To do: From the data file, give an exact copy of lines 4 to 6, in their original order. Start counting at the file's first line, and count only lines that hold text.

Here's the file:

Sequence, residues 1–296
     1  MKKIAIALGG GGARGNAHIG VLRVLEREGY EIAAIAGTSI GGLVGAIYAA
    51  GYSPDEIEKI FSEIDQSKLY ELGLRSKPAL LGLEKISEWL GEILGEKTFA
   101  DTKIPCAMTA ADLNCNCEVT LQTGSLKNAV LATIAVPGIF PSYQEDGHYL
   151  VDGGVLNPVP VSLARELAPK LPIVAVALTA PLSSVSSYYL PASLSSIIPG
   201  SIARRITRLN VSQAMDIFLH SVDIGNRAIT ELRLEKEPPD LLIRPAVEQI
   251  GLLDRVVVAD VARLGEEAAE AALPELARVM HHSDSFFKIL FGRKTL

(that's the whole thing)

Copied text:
   101  DTKIPCAMTA ADLNCNCEVT LQTGSLKNAV LATIAVPGIF PSYQEDGHYL
   151  VDGGVLNPVP VSLARELAPK LPIVAVALTA PLSSVSSYYL PASLSSIIPG
   201  SIARRITRLN VSQAMDIFLH SVDIGNRAIT ELRLEKEPPD LLIRPAVEQI